My own experience and development deepen everyday my conviction that our moral progress may be measured by the degree in which we sympathize with individual suffering and individual joy.
Letter from George Eliot to Charles Bray
(15 November 1857)
Although, as a child, Marian Evans was not considered physically attractive, she was very intelligent and a voracious reader. Her father, recognizing her intelligence and her dim prospects for marriage, ensured that she had an excellent education, one not often offered to young women. By her thirties she was an editor for the Westminster Review, an English journal founded by Jeremy Bentham.
Evans became very interested in religion. She translated The Life of Jesus Critically Examined, Volume 2, by David Strauss in 1846, The Essence of Christianity, by Ludwig Feuerbach in 1854, and Baruch Spinoza’s Ethics in 1856.
Having resolved to become a novelist, Evans’s last essay in the Westminster Review in 1856, “Silly Novels by Lady Novelists,” criticized the ridiculous plots of contemporary women novelists. Evans assumed a nom-de-plume, George Eliot, and three years later published her first novel, Adam Bede, which was a huge success in England. The popularity of Adam Bede led to Evans revealing that she was the author behind the name George Eliot. Other novels by this leading writer of the Victorian era include The Mill on the Floss, Silas Marner, and Middlemarch.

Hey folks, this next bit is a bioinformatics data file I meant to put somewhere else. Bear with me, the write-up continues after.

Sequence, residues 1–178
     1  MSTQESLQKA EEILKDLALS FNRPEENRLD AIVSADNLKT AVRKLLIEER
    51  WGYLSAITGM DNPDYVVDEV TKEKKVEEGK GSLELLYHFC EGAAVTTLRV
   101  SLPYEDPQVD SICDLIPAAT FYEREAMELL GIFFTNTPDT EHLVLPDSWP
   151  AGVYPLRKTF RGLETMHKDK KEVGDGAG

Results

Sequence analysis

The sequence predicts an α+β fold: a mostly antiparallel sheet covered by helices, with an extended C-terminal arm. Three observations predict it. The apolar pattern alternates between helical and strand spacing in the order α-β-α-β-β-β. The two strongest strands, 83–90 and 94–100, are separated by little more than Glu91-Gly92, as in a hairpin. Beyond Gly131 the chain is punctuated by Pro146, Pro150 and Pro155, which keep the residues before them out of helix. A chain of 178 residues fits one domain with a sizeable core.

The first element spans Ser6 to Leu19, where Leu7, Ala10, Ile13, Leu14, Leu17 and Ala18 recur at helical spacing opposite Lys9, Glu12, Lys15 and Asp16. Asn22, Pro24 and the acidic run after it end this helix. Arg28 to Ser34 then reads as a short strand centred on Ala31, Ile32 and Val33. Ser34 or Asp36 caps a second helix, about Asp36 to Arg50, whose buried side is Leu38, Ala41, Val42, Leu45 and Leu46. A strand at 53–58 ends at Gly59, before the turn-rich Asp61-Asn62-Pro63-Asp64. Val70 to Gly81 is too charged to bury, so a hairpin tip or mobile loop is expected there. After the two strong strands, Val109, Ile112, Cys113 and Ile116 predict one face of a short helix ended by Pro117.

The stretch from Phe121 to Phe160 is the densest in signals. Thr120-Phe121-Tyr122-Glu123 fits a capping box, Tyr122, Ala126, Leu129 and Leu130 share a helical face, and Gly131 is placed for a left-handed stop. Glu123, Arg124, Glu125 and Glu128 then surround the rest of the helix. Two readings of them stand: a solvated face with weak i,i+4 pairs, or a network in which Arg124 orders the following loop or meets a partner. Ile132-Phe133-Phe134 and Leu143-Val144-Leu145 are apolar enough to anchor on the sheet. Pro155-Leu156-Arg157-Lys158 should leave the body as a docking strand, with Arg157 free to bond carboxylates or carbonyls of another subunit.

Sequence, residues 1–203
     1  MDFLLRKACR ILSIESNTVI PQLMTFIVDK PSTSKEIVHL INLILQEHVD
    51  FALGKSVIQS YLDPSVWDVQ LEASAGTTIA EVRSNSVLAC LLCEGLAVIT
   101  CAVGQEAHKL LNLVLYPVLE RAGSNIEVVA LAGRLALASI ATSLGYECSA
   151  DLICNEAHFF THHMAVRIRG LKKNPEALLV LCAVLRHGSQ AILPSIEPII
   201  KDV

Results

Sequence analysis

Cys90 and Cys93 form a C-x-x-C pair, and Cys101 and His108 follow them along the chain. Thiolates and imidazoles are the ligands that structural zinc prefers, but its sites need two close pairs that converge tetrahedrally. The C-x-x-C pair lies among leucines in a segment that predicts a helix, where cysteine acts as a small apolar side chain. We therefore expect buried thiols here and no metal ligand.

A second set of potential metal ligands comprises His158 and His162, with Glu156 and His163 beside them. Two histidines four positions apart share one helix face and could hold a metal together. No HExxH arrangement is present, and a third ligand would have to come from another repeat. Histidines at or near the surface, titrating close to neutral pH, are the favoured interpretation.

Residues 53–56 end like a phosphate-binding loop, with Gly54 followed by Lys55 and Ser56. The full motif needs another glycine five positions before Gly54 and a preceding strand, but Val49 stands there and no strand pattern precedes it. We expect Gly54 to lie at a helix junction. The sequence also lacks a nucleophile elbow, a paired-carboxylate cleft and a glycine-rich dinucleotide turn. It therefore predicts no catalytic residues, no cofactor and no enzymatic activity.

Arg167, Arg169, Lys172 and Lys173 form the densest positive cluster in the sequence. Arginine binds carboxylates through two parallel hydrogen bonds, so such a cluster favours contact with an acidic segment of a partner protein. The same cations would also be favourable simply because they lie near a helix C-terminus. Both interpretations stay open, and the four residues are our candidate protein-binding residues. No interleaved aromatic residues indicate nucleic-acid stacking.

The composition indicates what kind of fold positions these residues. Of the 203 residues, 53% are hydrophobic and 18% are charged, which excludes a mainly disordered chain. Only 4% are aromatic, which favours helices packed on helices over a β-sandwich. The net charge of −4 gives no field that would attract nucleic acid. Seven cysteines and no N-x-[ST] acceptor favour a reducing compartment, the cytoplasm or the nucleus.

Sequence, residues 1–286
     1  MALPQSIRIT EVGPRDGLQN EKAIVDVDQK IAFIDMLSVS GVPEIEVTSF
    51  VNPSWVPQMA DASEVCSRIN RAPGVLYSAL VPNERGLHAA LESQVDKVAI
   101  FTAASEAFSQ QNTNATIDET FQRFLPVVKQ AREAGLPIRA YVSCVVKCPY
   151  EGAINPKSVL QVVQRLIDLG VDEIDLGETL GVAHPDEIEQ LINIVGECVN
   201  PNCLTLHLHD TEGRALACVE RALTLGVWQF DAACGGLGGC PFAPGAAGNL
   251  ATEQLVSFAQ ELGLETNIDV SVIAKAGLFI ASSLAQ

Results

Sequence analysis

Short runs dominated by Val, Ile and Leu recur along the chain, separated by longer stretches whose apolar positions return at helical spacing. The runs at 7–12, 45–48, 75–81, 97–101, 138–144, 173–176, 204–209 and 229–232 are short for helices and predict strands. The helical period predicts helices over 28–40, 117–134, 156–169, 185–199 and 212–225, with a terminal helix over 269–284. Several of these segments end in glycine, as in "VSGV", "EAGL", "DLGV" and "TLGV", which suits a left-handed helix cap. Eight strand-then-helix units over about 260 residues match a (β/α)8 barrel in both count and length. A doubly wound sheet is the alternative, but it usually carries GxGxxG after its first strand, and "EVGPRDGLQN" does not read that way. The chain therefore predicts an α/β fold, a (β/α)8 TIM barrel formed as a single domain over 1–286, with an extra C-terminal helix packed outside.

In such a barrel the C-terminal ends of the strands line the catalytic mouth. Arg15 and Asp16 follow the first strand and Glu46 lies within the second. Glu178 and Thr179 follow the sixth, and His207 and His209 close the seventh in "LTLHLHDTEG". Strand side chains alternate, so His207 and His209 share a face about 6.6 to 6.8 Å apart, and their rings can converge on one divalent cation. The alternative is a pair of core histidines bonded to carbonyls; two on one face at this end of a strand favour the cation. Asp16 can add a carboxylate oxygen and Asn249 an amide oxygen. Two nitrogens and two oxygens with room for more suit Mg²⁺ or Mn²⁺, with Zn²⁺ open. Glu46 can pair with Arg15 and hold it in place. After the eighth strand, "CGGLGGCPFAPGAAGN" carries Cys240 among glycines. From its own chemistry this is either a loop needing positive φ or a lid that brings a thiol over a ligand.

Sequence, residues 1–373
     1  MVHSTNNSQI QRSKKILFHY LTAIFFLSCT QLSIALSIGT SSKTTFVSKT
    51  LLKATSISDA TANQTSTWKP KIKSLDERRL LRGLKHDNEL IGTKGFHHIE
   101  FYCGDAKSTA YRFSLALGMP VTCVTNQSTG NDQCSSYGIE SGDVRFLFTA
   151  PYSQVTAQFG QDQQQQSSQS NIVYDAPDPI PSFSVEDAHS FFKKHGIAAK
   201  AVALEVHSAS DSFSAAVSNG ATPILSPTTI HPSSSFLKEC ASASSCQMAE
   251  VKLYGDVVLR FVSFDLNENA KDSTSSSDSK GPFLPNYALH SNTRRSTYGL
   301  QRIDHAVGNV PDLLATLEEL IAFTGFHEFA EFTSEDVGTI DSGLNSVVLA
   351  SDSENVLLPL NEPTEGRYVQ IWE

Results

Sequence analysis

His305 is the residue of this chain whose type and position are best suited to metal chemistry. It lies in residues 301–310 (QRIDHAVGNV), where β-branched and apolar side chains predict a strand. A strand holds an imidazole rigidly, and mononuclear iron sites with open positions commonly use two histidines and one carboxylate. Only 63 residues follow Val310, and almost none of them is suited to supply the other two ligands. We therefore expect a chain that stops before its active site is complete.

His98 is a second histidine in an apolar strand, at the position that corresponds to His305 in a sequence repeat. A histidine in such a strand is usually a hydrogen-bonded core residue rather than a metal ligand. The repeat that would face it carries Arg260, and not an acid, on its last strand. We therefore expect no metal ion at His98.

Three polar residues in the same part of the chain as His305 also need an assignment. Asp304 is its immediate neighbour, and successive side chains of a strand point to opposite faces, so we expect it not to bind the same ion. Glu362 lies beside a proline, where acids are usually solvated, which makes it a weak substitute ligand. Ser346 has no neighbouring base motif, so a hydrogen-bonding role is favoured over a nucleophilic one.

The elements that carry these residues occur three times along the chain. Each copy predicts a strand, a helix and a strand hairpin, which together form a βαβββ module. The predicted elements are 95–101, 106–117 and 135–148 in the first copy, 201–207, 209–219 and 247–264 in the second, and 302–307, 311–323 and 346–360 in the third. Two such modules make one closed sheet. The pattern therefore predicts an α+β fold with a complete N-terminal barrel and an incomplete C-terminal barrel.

Evans lived a somewhat unorthodox life and considered herself married to George Henry Lewes, though he was officially married to Agnes Jervis. Despite her popularity in England, Eliot was not buried in Poets’ Corner at Westminster Abbey due to her denial of Christianity and her unconventional relationship with Lewes.
The Armstrong Browning Library owns twenty-three books written by George Eliot during her lifetime, many first editions. The ABL also owns a copy of Essays and Leaves from a Notebook, by George Eliot, published shortly after her death. The preface is signed by Charles Lee Lewes, Henry Lewes’s eldest son, who curated his father’s library after his death in 1878.
Only one letter from George Eliot to Robert Browning [24 March 1864] is part of our collection at the ABL. In this letter Eliot encourages a visit from Browning after her return from Scotland, and notes that, “By that time I hope to be a less headachy wretch than I happen to be this week, and all pleasant things will be pleasanter to me.”
Letter from George Eliot to Robert Browning
[March 24, 1864]
Courtesy of the Armstrong Browning Library